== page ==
Ideological Justification. Hamas bases its activity and path on the concept known in the Arab world as “Al-Mukawamah” – “The Resistance.”

“The Resistance” ideology envisions the creation of a new political structure in the Arab world guided by the following core values: Eradicating Western influence in the region; making the Islamic religion the most dominant identity that defines Arab societies; and most importantly, the unrelenting struggle against Israel until it is eliminated.

Over the past decades the concept of “The Resistance” gained growing popularity in the Arab world. Organizations like Hamas, Islamic Jihad, Hezbollah, and others – as well as their sponsors – Assad in Syria and mostly the Iranian regime – who operate under the slogan of “The Resistance,” were praised and admired in the Arab world. The war in Syria has changed that.

The fact that the admired symbols of “The Resistance” – Hezbollah, Assad, and the Iranian regime are responsible for the killing of more than 170,000 Syrians – of whom fifty percent are civilians – caused many people in the Arab world to view “The Resistance” totally differently.

Many Arab thinkers, public opinion shapers and journalists now view “The Resistance” as a deception, a trap that the Arab world fell into misled cynically by the Iranian regime.

As a result, the glory of “The Resistance” is now stained. The admiration for Assad, Nasrallah and other figures identified with “The Resistance” was replaced with hatred. Hamas, an important member of that axis, also found itself under growing pressure and criticism. The Arab world cannot forget the fact Hamas was a member in the Shiite coalition that is responsible for ruining Syria and killing Syrian Sunnis, as well as Palestinians. Nor does the Arab world forget the fact that Hamas – in the name of “The Resistance” – took over the Gaza Strip in a violent coup (June 2007) killing his Palestinian brothers. And, finally, the Arab world does not forget the fact that under the rule of Hamas, the life of almost 2,000,000 Palestinians in the Gaza Strip became an ongoing story of misery. As far as the Arab world is concerned, the slogan of “The Resistance” has proven disastrous; it ends time and time again with more violence, more destruction, and more misery of Arab societies – and leads nowhere. The current round strengthens that sentiment which results in the weakening of Hamas’ ideological justification.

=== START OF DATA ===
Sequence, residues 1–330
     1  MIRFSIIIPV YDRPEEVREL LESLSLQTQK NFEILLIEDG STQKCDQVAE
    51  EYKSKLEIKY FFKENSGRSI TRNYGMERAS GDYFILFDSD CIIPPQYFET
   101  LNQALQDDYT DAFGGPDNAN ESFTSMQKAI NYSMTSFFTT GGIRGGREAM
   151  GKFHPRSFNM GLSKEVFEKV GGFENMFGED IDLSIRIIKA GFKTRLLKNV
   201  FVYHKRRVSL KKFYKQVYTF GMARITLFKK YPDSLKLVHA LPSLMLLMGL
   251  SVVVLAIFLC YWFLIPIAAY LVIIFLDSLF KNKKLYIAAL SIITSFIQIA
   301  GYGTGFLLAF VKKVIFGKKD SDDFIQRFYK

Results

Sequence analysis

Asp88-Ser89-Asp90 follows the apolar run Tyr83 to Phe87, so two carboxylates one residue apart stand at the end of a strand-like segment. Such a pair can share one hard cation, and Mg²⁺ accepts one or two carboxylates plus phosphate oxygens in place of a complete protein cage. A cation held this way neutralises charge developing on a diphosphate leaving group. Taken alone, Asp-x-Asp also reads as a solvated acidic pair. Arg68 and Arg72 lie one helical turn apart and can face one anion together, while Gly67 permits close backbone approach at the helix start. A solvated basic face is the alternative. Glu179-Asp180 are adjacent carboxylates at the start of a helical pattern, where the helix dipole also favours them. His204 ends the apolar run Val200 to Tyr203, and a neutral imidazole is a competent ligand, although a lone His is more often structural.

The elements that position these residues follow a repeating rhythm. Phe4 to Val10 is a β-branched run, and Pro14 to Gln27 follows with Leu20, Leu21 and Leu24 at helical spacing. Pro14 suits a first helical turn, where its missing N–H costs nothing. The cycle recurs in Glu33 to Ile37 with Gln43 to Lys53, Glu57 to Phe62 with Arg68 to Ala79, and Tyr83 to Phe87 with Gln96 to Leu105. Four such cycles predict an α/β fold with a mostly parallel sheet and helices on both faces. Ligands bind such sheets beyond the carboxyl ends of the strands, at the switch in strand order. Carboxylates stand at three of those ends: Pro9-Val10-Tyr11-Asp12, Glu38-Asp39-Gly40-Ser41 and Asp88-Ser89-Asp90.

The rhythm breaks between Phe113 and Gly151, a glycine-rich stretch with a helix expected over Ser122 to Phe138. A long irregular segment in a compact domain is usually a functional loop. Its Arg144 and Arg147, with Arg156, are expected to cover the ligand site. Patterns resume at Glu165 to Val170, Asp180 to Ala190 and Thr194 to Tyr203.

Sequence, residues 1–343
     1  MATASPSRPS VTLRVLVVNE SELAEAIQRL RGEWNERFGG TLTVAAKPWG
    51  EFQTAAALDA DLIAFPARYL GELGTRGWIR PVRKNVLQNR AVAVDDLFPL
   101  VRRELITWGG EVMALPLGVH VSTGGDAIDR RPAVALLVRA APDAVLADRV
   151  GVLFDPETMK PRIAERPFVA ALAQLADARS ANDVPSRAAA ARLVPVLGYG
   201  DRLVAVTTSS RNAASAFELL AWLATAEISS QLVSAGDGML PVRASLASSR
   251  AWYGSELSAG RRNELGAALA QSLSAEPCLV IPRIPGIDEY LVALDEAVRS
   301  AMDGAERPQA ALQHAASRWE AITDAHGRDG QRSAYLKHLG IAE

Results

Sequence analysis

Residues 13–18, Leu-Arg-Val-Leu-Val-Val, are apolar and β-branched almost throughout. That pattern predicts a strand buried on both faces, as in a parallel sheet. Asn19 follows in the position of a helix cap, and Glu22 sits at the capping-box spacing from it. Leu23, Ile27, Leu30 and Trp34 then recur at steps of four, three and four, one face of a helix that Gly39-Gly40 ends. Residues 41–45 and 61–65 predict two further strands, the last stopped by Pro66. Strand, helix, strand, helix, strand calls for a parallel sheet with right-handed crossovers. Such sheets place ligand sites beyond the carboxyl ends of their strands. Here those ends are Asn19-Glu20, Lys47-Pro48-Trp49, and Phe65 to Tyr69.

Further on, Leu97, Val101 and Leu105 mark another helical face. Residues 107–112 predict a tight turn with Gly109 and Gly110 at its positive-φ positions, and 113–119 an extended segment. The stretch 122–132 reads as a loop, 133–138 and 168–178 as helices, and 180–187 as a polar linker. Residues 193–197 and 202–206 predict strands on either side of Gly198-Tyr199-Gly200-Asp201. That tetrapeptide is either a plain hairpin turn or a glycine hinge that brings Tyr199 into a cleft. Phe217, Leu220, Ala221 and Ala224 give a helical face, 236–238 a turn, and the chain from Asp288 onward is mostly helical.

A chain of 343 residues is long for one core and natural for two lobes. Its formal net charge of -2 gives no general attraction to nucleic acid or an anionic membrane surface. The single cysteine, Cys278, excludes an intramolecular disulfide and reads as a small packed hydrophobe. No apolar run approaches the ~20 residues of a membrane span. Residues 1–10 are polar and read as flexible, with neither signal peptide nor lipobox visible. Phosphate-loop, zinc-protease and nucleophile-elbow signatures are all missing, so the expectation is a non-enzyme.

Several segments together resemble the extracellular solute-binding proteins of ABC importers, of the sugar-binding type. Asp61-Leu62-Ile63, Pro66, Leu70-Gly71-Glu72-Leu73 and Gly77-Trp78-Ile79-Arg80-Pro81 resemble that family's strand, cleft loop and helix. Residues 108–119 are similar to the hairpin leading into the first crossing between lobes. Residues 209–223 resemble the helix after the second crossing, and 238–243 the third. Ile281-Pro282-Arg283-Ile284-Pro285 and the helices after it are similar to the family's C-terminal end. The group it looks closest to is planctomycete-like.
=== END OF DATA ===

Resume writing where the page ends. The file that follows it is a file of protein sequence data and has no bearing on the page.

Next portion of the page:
Legitimacy. In the battle for international public opinion and support an interesting phenomenon happened in previous rounds. Though formally defined by major Western states as a terror organization, Hamas was able to gain the sympathy of major circles in the West like the media, academics, third-sector organizations, etc. For different reasons Hamas successfully convinced theses circles to view the violent rounds against Israel as a “political conflict” or to “end the Israeli occupation” or to “Free Gaza.” As a result, Hamas enjoyed a somewhat “tolerant approach” towards its rocket attacks on Israeli cities (a clear act of war crimes – by the way). That “tolerance” motivated Hamas to generate more violence.

In the current round it is a totally different story. The somewhat tolerant response we saw in the past, has been replaced with a clear and decisive, intolerance. The reaction of Western diplomats and public opinion in the West regarding the shooting of rockets on Israeli cities has changed in this round. The pictures of Israeli women lying on the ground in the streets shielding their children with their own bodies because they are being attacked by rockets has caused even the harsher criticizers of Israel in the West to move uncomfortably in their seats – and it made them realize that the suffering is not only on the Palestinian side. In the battle over narratives, Israel gains points in this round. One example of that turn is the fact that Palestinian protestors accused the BBC of “ignoring the Palestinian suffering while focusing on the suffering of Israelis.” One should remember that BBC was proactively a very harsh critic of Israel during previous rounds.

The most dramatic manifestation of the shift is the formal announcement, signed by all 28 EU Foreign Ministers that: strongly condemns Hamas for the rocket attacks on Israeli cities; accuses Hamas of using the civilians in the Gaza Strip as human shields; acknowledges Israel’s right to defend itself; and calls for the disarmament of Hamas and the Islamic Jihad.